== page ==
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Then we were joined by Henry Webster on folk fiddle and Dan Walsh on banjo for tunes from the American South, including Bonaparte’s Retreat as heard in Copland’s Hoe Down from Rodeo. After hearing Henry and Dan’s own take on the famous tune, the whole orchestra joined in.

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…and of course there was the completely unplanned encore – Charlie Daniel’s Band’s The Devil Went Down to Georgia, featuring baroque guitar (is that a world first for baroque guitar performing bluegrass?)

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A swift changeover (involving clearing over 200 chairs and 100 cushions away in less than half an hour!), Licence to Ceilidh took to the stage to lead a Burns Night Ceilidh.

 

At the end of the night all that was left was to sing Auld Land Syne – we hope you enjoyed the concert and that you will be able to join us on 5 April for the next CLoSer concert, The Soldier’s Tale.

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All photographs (not tweets) credit James Berry.

 

Retrospective on Died for Love with Sam Lee

We always say we promise to surprise and move you – but last night, Thursday 17 November, was really special.

Our friend Sam Lee has toured the country finding ancient melodies and embellishing them with his own contemporary twist. We were honoroud to perform his songs in full orchestral arrangements for the first time thanks to the pheonomenal talent of arranger Iain Farrington.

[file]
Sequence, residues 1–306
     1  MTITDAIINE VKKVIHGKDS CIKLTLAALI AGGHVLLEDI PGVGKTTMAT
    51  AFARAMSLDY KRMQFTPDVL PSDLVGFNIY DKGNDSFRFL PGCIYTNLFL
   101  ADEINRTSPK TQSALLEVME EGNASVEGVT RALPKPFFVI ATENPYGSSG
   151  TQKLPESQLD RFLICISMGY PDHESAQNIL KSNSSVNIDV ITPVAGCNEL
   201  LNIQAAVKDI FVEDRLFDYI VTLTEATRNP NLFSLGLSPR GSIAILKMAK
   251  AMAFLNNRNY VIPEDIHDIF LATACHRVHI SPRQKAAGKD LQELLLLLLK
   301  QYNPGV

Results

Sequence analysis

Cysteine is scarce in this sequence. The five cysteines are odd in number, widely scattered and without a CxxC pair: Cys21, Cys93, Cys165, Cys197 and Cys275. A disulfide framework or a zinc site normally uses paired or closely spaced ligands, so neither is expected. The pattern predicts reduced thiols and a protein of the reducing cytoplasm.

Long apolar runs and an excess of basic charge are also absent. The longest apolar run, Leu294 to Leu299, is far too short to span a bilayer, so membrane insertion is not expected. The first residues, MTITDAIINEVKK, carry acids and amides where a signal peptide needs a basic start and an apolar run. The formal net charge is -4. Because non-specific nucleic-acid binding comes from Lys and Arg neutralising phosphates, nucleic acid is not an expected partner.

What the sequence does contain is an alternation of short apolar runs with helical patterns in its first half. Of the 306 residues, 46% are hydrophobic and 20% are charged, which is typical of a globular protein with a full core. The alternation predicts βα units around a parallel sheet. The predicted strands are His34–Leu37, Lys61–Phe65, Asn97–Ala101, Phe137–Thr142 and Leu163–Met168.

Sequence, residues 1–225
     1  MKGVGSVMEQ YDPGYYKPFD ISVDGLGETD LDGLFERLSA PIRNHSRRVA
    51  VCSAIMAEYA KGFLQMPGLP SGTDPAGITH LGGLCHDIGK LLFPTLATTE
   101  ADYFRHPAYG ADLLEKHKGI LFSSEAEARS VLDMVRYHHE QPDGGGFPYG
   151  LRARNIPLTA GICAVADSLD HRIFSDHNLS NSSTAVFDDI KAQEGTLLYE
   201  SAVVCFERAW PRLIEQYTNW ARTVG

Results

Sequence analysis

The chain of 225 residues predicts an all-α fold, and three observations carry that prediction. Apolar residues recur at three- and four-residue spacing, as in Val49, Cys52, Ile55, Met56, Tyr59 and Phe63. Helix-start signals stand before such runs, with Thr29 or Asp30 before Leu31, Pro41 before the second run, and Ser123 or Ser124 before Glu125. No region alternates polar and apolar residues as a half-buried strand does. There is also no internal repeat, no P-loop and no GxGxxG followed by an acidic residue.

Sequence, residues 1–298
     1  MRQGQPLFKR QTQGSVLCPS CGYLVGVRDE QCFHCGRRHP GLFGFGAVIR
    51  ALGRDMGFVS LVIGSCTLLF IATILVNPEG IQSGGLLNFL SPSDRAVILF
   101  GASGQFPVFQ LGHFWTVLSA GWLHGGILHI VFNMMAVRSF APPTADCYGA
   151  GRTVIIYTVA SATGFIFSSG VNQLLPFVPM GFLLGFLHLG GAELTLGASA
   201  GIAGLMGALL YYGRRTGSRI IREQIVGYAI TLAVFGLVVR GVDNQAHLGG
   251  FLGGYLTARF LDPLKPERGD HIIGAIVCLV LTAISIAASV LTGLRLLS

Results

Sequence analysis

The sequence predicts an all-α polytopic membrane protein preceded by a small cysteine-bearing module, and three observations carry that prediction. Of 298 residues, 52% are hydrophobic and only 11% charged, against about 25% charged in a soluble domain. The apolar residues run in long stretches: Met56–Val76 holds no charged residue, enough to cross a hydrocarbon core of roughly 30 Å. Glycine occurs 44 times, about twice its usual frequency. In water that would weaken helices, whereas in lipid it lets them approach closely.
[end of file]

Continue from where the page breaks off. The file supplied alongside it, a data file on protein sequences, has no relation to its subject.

Mingled with Sam’s songs were works by Britten, Delius and Butterworth that hark back to forgotten worlds and connect us to the tunes that have been hummed by countless generations.

With candles flickering, the Orchestra in the centre of the room surrounded by a sweep of chairs, and a cosy pool of cushions, it was the perfect way to be transported away by music that has travelled across centuries.

Died for Love with Sam lee is the first of four concerts exploring Folk Tunes and Tall Tales – we would be delighted if you joined us for the rest of the journey. Find full details on our website.

Relive the experience

Checkout the beautiful photos from the concert by Jo Russell along with your reactions from Twitter. Just tweet us at @CityLdnSinfonia to let us know what you thought!

Photos by Jo Russell:

From Twitter:

 

 

 

 

 

 

Sam Lee, Song Collector

On 17 November, traditional English folk singer Sam Lee joins the City of London Sinfonia for an evening featuring songs of lost love at St John at Hackney Church. Badged as a Mercury Music Prize nominated artist, Sam is also the pioneer of an ambitious movement to promote song collecting across the UK. He leads a collective of musicians, The Nest Collective, who support the sounds and voices of the Gypsy and Traveller community, the UK’s own repositories of oral history.